In Syncome Formulations, the Special Bench had to consider two questions i.e. (a) method of computation of deduction u/s 80HHC and (b) percentage of deduction allowable in each year. As regards the percentage of deduction, the Special Bench held that the assessee would be entitled to 100% deduction. This view was overruled by the High Court in Ajanta Pharma where it was held that in view of s. 80HHC (1B), deduction was only allowable as per the limits set out therein. However, the first issue as to the method of deduction u/s 80HHC was not before the High Court. As per Sun Engineering 198 ITR 297, the observations of a Court have to be read in context. Consequently, the judgement of the Special Bench on this aspect still held good and the assessee was entitled to deduction u/s 80HHC even though there were no normal profits.
The effect of the judgement of the Supreme Court in Transmission Corporation of India 239 ITR 587 is that the moment there is a payment to a non-resident, there is an obligation on the payer to deduct tax at source u/s 195 (1). The only way to escape the liability is for the payer to make an application to the AO u/s 195 (2) for non-deduction or for deduction at a lower rate. If the payer does not make an application and obtain an order u/s 195 (2), it is not open to him to argue that the payment has not resulted in taxable income in the hands of the non-resident recipient and that, therefore, there is no failure on the part of the payer to deduct tax u/s 195 (1)
Under the Doctrine of Merger, once an appeal against the order passed by an authority is preferred and is decided by the appellate authority, the order of the said authority merges into the order of the appellate authority. With this merger, the order of the original authority ceases to exist and the order of the appellate authority prevails, in which the order of the original authority is merged. For all intent and purposes, it is the order of the appellate authority that has to be seen for purposes of determining the limitation period u/s 154 (7) for passing a rectification order.
S. 132 (1) (c) empowers the officer to enter the premises etc and search it if he has “reason to believe” that “any person” is in possession of any money, bullion etc representing undisclosed income. As the search warrant was issued in the joint names of the assessee and her spouse, it means that the officer had reason to believe that the undisclosed assets and income were held jointly. If so, it is not open for the AO to assess the assessee individually on the basis of the assets and documents seized during the course of search in pursuance to the said warrant but the assessment ought to have been only in the capacity of AOP or BOI.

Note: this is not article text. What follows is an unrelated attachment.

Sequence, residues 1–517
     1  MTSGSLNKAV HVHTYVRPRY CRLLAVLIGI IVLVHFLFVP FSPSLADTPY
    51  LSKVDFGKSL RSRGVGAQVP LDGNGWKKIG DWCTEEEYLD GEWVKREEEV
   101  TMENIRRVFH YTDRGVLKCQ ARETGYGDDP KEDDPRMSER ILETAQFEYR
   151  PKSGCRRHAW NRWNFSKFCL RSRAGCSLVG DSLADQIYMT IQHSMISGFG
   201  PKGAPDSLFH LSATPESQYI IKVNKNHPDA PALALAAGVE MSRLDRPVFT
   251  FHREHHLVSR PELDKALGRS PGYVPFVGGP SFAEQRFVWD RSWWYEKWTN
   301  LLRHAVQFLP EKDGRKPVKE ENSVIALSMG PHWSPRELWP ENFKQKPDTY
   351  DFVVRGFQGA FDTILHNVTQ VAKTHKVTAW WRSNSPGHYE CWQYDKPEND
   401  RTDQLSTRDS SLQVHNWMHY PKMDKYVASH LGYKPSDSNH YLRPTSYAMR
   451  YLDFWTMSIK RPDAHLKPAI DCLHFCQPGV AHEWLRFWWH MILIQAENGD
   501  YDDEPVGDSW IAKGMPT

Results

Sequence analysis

The view of the Gujarat High Court that while s. 147 permits re-assessment of income that has escaped assessment for any assessment year, assessment under Chapter XIV-B is for a block period of 10/6 years without reference to any particular assessment year and that, therefore, s. 147 does not apply to a block assessment cannot be accepted in view of the judgement of the Supreme Court in Suresh N. Gupta 297 ITR 322 where it was held that the other provisions of the Act would be applicable to the scheme under Chapter XIV-B, if no conflict arises upon such application. The provisions of Chapter XIV prescribing the period of limitation for reopening of assessments apply to block assessments under Chapter XIV-B and there is no conflict between the two.
The judgement of the Special Bench in Ashima Syntex Ltd 117 ITD 1 has to be followed in preference to the judgement of the Bombay High Court in Snowcem India Ltd 313 ITR 170 and it has to be held that the assessee was liable to pay interest u/ss 234B & 234C even when income was computed u/s 115JA.
Since the brokerage payable by the client to the broker was a part of the debt and that debt had been taken into account in computing the income, the conditions of s. 36 (2) (i) read with s. 36 (1) (viii) were satisfied and the bad debt was allowable as a deduction
Disallowance u/s 14A and Rule 8D requires a finding of incurring of expenditure. If it is found that for earning exempted income no expenditure has been incurred, disallowance u/s 14A cannot stand. The disallowance u/s 14A and Rule 8D cannot be made on presumption.
In accordance with the principles of purposive interpretation of statutes, Expl. (iii) to s. 48 has to be read to mean that the indexed cost of acquisition has to be computed by taking into account the period for which the asset was held by the previous owner.
s. 80-IA (4) (even pre-amendment) applies to a “developer”. The difference between a “developer” and “contractor” is that the former designs and conceives new projects while the latter executes the same. As the assessee was merely executing the job of civil construction, it was not eligible u/s 80-IA (4).